A bad dream
Very few of our generation would ever think we would see another nutter determined to wreck the world yet sitting so close to our doorsteps. There are many people still alive with memories of World War 2, the end of which one assumed taught society a lesson to ensure such people should never ever be allowed to threaten the civilised world. The events of the past week border on the unbelievable; a bad dream that we will awake from. A new axis of evil is borne and just where it will end and who will become embroiled is a bit like an evolving game of chess where move after move sets the scene. There has been little to unite Europe or indeed (most) of the civilised world over the past years but this new world order should do just that. The move by Russia is, to those of us who read factual history, is almost a cut and paste of the start of World War 2; plan, prepare and lie. From this moment on, no normal person will ever have trust in Russia; at best it’s a new cold war and at worst, who knows.
How this impacts the world of travel is, to some respects, a secondary issue but it will impact us all for sure. Airspace will be closed, fuel costs and therefore the cost of travel will increase and for Bulgaria, the almost certain loss of the Russian market, a market it has become increasingly dependent upon. Just how that will be handled is anyones guess but coming so soon after the Coronavirus farce, it is yet another battle no-one wants.
Without sounding morbid, let us hope we are here next month to write another Newsletter, a rather sombre statement but many a true word is said in jest, especially when there is a despot with a finger on the button.
Jamadvice Travel | BCD Bulgaria
What a waste
Austrian Airlines is the latest Lufthansa Group carrier to offer unsold inflight food at reduced prices in a bid to tackle waste. The service will be seen on longer European flights with the offer being made just before arrival in Vienna, in return for a small “consideration”.
Swiss launched a similar trial last year offering bags of unsold inflight food at reduced prices on the last flights of the day into its European network from Geneva.
Lufthansa Group offering more connections
Bulgaria has always been a focus for the Lufthansa Group of airlines and the connectivity it has traditionally offered via its hubs in Frankfurt, Munich, Vienna and Zurich have proven to be a key catalyst for travel not in Europe but across the globe, particularly from Sofia.
Whilst daily frequencies are trimmed slightly from what they were a few years ago, new connections are about to appear with a new Varna – Munich connection from May to complement the existing Varna – Vienna and Varna – Frankfurt flights. Sofia – Zurich will also see a return.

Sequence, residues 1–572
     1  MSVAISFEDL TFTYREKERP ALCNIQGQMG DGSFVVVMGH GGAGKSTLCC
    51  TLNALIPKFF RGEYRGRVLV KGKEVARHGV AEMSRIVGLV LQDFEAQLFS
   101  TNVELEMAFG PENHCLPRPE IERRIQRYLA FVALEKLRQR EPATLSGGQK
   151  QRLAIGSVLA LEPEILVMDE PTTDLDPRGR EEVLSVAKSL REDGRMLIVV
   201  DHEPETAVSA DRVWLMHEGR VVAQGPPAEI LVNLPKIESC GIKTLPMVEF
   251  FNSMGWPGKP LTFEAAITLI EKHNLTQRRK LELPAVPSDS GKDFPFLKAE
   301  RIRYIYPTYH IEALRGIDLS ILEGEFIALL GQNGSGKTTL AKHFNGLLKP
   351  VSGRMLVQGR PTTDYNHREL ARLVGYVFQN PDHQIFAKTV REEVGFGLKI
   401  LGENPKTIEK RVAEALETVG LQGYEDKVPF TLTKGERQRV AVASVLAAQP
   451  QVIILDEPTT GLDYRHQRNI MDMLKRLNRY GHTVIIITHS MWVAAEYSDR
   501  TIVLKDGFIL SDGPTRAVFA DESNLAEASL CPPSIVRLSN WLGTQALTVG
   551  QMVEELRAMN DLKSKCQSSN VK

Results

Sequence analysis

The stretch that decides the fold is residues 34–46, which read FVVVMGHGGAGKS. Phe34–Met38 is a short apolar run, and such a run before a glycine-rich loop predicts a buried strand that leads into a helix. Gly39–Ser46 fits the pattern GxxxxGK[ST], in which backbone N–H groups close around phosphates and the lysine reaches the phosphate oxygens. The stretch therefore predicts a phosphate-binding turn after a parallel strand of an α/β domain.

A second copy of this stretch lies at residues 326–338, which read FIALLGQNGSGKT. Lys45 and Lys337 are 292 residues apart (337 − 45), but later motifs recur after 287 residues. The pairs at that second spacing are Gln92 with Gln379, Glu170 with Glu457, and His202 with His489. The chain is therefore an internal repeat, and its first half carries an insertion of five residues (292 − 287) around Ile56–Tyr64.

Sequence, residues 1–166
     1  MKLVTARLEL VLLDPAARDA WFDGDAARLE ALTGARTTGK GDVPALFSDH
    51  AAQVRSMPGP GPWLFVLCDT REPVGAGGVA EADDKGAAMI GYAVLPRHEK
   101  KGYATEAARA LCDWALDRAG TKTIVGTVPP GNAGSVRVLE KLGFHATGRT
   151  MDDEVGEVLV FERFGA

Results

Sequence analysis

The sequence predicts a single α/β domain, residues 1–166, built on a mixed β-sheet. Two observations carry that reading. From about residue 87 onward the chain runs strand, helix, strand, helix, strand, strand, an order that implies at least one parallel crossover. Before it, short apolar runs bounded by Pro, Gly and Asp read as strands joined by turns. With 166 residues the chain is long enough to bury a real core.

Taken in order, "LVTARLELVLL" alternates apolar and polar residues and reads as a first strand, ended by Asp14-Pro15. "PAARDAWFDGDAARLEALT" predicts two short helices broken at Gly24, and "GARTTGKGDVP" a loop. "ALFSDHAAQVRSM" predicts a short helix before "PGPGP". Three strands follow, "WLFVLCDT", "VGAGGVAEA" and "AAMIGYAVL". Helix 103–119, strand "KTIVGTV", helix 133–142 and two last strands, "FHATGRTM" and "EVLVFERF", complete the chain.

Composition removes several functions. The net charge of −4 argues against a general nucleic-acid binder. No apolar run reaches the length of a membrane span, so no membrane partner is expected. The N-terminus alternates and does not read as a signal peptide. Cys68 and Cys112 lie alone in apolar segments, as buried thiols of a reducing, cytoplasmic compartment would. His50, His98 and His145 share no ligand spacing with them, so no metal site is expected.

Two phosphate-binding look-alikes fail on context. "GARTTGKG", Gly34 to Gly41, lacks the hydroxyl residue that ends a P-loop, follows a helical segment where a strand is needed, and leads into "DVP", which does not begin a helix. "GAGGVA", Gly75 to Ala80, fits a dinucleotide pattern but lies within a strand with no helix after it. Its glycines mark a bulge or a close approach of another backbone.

The flights to the Black Sea are further evidence of the attention that key airlines now pay to servicing leisure destinations that were once virtually the sole domain of Charter Operators.
Figures on the up
The World Travel and Tourism Council has revealed that the travel sector may well contribute 8.6 trillion USD to the world economy in 2022. A figure that is a mere 6.4% behind pre-pandemic figures. In 2019 the sector generated 9.2 trillion USD in income, but that was preceded by a 49.1% drop the following year.
In addition. The council also state that an extra 58 million jobs may be created this year boosting the total workforce to around 330 million.
The race to confirm stupidity is evidenced no better than by Air France who now operate a “’must be vaxed to fly’” policy on domestic flights. Their “Ready to Fly” service is an automated one that approves people’s vaccine certificates before their flight (as opposed to a manual check at the airport).
Two things stick out here: firstly, its domestic travel and not international so what’s the purpose of the idea and also can someone tell Air France vaccines don’t stop the spread of the virus, they stop people from getting seriously ill.
Still, as long as there are believers and it suits the narrative.
If you fancy somewhere a tad different to stay the next time you are in London then anyone with an interest in music and particular pink music might be tempted by the new Chateau Denmark Boutique hotel, providing of course you have deepish pockets.
The 55 room set up is a fusion (not sure of that is indeed the correct word) of “punk and vintage gothic meet psychedelia”.
For around 600 Euro a night one can sample gold trimmed, graffitied beds in full blown psychedelic colours. Apartments include the “I am anarchy” mews house feathering Sex Pistols band member Johnny Rotten’s storied caricatures of his fellow bandmates.
Any takers for kitsch?
The end is nigh